White House Hanukkah Celebration Includes NYU Wagner Alumna

Rebecca Bardach

One evening in late November, two first-grade classrooms in a Hand in Hand bilingual school in Jerusalem were set ablaze by arsonists who also scrawled hateful graffiti on the school walls against Arabs and co-existence. Parents, students, and staff – including Rebecca Bardach, a 2007 graduate of NYU Wagner and the Director of Resource Development and Strategy for the Hand in Hand organization – worked together to make sure the school opened the very next day.

On December 17, President Obama and First Lady Michelle Obama hosted two of the school’s 9th graders at the White House Hanukkah celebration, joined by Bardach and other members of the Hand in Hand community dedicated to achieving Arab-Jewish reconciliation in Israel.

The President said the members of the school community “teach us a critical lesson for this time in our history: The light of hope must outlast the fires of hate. That’s what the Hanukkah story teaches us. That’s what our young people can teach us – that one act of faith can make a miracle. That love is stronger than hate. That peace can triumph over conflict. And during this Festival of Lights, let’s commit ourselves to making some small miracles ourselves and sharing them with the world."

Bardach has worked for more than 17 years in migration, development and foreign aid.  She directed refugee assistance programs in Hungary and in Bosnia (1994-1998).  She moved to Israel in 1998, where she has worked with the UN High Commissioner for Refugees (UNHCR) with asylum claimants and government policy makers on refugee issues, and then with the American Jewish Joint Distribution Committee (JDC) to establish its Center for International Migration and Integration (CIMI), which works on a wide range of international migration issues in Israel and abroad.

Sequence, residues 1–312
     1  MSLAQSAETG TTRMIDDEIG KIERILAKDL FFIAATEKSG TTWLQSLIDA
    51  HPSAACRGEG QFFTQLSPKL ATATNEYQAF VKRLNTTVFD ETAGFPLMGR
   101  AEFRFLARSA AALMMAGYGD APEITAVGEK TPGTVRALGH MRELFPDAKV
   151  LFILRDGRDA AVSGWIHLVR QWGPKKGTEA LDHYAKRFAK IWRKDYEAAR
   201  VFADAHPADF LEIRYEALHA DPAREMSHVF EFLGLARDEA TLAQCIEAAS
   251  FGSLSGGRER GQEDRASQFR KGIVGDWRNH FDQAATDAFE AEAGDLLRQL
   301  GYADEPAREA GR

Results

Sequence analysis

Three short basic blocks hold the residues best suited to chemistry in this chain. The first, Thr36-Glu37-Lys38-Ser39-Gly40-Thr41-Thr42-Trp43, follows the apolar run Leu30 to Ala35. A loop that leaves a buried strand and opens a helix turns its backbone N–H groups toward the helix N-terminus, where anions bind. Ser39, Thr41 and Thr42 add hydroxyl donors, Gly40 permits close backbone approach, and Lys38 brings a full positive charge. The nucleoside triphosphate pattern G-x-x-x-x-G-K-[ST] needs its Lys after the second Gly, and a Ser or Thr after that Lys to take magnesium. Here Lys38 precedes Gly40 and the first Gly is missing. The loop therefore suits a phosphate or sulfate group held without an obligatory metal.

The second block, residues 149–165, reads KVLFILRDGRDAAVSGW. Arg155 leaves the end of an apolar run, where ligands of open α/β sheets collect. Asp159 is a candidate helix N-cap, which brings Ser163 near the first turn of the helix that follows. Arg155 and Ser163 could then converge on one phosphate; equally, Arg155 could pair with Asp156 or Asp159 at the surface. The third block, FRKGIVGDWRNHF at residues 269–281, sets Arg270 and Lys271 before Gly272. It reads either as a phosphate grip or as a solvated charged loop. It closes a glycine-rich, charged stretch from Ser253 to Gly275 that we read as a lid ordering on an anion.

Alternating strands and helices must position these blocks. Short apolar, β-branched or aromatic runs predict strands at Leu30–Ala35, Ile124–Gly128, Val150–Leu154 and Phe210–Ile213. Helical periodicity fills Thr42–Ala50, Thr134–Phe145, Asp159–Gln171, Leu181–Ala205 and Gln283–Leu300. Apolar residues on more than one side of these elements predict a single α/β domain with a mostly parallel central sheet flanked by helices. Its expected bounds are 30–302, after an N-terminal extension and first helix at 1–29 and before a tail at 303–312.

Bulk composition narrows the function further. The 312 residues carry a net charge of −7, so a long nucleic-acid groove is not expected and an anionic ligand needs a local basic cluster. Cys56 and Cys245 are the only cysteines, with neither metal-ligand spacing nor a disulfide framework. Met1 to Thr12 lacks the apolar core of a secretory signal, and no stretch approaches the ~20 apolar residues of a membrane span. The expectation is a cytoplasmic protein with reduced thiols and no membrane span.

In her 13 years at JDC, Rebecca also established the Committee's tsunami relief efforts in Sri Lanka and directed the Middle East Program, which conducts cooperative programs between Israelis and Palestinians in health and welfare.

She earned her MPA in Public Policy and International Development from NYU Wagner and BA in English Literature from Columbia University.  Originally from Berkeley, California, she is married and has three children – two of them enrolled at the Hand in Hand school in Jerusalem. 

Hand in Hand brings together thousands of Jews and Arabs in five schools and communities throughout Israel, demonstrating on a daily basis the viability of inclusion and equality for all citizens of Israel.  As its network of bilingual schools and communities expands, so does its message to Israeli society: “There is another way.”